Military and defense

US Space Dominance

U.S. ‘negation’ policy in space raises concerns abroad:

    COLORADO SPRINGS, Colo. — While much of the talk around the Pentagon these days focuses on “transformation” of the military, some of the United States’ closest allies worry about another buzzword being used in subtler ways at the National Reconnaissance Office: “negation.”

    The nation’s largest intelligence agency by budget and in control of all U.S. spy satellites, NRO is talking openly with the U.S. Air Force Space Command about actively denying the use of space for intelligence purposes to any other nation at any time—not just adversaries, but even longtime allies, according to NRO director Peter Teets.

    At the National Space Symposium in Colorado Springs in early April, Teets proposed that U.S. resources from military, civilian and commercial satellites be combined to provide “persistence in total situational awareness, for the benefit of this nation’s war fighters.” If allies don’t like the new paradigm of space dominance, said Air Force secretary James Roche, they’ll just have to learn to accept it. The allies, he told the symposium, will have “no veto power.”

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Death Camps

The Courier Mail: US plans death camp:

    THE US has floated plans to turn Guantanamo Bay into a death camp, with its own death row and execution chamber. Prisoners would be tried, convicted and executed without leaving its boundaries, without a jury and without right of appeal, The Mail on Sunday newspaper reported yesterday. The plans were revealed by Major-General Geoffrey Miller, who is in charge of 680 suspects from 43 countries, including two Australians. The suspects have been held at Camp Delta on Cuba without charge for 18 months. General Miller said building a death row was one plan. Another was to have a permanent jail, with possibly an execution chamber.

U.S. troops under fire again

U.S. troops under fire again in Iraq, two killed:

    The casualties from the attack with rocket-propelled grenades and small arms in Falluja were the heaviest suffered by U.S. forces in a single incident since President George W. Bush declared major combat over on May 1.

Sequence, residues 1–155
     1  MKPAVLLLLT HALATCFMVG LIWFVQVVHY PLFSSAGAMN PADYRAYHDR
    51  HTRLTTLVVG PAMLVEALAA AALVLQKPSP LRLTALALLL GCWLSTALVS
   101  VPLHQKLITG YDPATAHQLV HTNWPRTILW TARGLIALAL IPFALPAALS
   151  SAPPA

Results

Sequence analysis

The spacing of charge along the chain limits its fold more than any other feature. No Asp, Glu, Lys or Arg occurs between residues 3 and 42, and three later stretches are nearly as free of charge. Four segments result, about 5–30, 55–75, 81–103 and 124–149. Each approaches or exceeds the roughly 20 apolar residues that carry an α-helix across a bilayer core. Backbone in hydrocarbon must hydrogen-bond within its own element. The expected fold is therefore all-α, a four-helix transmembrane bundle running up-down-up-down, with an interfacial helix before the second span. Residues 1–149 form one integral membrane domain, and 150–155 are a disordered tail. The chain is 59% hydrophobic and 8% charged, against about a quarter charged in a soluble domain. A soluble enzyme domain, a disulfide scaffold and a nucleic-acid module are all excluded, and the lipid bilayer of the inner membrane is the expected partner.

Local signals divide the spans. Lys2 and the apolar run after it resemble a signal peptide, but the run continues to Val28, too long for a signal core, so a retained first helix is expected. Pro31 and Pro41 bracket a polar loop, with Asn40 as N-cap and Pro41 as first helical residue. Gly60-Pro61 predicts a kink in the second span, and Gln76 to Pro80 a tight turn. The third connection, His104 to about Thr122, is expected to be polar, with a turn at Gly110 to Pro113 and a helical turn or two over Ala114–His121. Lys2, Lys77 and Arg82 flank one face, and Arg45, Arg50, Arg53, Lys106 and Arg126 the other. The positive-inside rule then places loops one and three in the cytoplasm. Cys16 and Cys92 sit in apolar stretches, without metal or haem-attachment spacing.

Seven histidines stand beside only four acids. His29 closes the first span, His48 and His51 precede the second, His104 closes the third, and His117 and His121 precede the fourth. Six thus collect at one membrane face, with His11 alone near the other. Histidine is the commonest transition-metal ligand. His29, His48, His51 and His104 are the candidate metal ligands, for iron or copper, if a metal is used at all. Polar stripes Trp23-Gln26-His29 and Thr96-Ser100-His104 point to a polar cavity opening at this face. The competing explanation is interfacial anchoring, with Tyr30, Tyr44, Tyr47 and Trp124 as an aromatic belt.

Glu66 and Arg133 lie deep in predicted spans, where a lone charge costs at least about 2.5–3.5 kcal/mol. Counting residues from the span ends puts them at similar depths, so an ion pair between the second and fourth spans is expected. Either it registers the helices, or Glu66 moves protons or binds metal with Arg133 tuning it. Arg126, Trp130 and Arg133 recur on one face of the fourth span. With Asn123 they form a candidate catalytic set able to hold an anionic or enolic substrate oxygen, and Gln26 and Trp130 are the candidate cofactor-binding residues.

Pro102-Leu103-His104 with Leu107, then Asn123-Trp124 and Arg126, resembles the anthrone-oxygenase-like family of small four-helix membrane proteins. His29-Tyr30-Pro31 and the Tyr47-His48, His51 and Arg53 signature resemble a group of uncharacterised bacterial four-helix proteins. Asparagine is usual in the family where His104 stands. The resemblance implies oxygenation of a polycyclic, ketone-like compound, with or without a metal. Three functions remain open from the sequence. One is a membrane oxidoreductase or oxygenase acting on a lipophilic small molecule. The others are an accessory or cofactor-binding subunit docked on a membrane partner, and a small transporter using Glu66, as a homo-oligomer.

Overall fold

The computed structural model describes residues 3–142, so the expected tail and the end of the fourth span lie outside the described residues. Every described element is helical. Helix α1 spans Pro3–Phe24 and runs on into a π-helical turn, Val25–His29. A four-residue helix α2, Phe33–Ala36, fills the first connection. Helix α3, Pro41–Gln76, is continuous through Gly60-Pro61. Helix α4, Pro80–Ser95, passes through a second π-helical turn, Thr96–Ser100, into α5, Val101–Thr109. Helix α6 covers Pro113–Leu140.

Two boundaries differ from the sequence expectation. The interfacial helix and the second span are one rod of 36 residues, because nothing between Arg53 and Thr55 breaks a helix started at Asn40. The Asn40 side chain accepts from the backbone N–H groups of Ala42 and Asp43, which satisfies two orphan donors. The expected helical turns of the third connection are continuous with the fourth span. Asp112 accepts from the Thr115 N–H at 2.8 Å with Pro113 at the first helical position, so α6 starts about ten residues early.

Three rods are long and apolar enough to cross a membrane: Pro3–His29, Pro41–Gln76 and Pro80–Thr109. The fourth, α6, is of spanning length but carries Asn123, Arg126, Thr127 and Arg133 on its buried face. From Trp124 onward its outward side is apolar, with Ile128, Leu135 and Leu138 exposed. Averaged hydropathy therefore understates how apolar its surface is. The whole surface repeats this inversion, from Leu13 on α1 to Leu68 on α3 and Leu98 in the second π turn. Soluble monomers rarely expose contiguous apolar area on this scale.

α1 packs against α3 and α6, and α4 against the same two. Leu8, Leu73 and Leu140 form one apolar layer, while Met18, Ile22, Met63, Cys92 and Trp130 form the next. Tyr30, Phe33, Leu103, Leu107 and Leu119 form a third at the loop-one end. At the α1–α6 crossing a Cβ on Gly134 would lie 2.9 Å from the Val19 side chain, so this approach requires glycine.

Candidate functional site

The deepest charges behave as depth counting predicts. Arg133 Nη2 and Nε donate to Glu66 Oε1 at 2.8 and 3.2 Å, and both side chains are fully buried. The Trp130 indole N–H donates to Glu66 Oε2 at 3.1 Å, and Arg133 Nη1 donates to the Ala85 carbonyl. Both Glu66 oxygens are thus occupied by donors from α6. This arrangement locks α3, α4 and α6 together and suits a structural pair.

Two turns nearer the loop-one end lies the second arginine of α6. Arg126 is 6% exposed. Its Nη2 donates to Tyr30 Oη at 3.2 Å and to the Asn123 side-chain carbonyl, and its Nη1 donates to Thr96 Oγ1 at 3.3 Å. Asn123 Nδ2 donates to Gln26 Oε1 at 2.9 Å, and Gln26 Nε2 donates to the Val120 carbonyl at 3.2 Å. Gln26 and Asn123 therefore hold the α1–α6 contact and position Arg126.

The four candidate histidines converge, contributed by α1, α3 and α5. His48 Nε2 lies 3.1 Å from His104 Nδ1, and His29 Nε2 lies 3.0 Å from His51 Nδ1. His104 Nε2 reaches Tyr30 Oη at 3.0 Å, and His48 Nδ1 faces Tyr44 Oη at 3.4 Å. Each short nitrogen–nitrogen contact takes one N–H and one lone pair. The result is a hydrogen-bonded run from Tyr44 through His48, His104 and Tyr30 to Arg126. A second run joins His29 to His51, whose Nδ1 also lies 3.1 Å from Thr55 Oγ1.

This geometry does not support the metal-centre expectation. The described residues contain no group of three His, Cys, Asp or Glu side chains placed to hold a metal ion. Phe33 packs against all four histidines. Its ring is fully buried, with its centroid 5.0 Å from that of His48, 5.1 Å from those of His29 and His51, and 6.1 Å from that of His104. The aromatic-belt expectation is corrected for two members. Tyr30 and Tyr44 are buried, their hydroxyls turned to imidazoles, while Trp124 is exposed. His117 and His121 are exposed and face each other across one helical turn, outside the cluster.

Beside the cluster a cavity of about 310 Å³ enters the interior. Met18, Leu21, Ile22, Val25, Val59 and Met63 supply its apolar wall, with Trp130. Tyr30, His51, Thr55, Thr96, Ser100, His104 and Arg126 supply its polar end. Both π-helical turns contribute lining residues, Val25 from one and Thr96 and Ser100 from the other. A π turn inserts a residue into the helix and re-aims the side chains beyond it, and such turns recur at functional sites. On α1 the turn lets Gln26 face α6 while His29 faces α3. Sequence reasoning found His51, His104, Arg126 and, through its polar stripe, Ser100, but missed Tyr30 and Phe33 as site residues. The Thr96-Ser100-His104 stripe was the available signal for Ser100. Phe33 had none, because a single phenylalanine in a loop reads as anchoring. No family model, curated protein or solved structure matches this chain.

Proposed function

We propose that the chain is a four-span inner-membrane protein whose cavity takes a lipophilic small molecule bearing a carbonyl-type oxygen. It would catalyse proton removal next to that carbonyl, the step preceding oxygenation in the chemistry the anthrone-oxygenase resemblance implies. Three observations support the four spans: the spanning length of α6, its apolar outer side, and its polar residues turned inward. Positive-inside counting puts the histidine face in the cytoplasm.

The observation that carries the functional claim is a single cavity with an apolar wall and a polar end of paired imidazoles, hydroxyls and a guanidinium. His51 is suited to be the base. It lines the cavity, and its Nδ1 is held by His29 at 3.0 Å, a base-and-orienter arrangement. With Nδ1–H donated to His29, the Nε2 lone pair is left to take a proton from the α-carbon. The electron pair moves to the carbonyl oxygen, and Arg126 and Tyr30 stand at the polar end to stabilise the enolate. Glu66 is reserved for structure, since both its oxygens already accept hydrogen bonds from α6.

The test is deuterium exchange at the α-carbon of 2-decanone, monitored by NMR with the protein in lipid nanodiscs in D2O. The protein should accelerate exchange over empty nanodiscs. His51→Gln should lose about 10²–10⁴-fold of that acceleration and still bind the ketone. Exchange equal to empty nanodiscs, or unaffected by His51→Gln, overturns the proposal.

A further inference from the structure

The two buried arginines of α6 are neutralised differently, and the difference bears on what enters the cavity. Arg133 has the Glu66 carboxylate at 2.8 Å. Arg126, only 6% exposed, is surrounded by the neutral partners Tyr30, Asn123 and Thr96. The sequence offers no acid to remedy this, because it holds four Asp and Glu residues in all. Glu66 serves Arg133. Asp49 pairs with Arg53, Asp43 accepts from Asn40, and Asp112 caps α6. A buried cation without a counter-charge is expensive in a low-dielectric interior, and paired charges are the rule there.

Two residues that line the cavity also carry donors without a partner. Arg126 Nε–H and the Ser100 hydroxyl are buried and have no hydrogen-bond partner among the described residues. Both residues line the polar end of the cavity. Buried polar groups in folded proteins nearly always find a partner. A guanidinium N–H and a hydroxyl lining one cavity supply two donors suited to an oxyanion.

It brought to four the number of fatalities in 24 hours from ”hostile actions.” …

    It was the second attack on U.S. troops reported from Falluja in recent days. Last Wednesday, U.S. soldiers killed two people in retaliatory fire.

    Some Falluja residents interviewed by Reuters in recent weeks have expressed nostalgia for the days of Saddam. In two incidents late last month, U.S. forces opened fire on angry crowds, killing at least 15 people, according to witnesses.

    Two American soldiers were killed and four wounded in two ambushes on Monday, one in Baghdad and one north of the capital.

The New Cold War

The New Cold War: India and China are picking up where the US and Soviet Union left off:

    China has openly declared its desire to colonize the moon. The world’s most populous nation is unlikely to build lunar settlements, but that’s not the point. China’s motive lies not in constructing a lunar Hong Kong, but rather in luring India into a loud public competition. Later this year, if all goes as planned, China will become the third country to send a citizen into space. An orbiting taikonaut will be even more impressive if American shuttles are stuck in their hangars while the misnamed International Space Station limps along with a skeleton crew.

    As Russia once did, China has a strong technical advantage. It already owns a chunk of the commercial space-launch business. But India has a decent shot at victory as well. It doesn’t have China’s manufacturing know-how, but it’s rapidly becoming the world’s software back office.

    Who will become top dog in South Asia? That’s an open question, and there aren’t many good ways to answer short of a useless massacre. A space race offers a good solution. It’s a symbolic tournament that tests competing political and economic systems to their limit.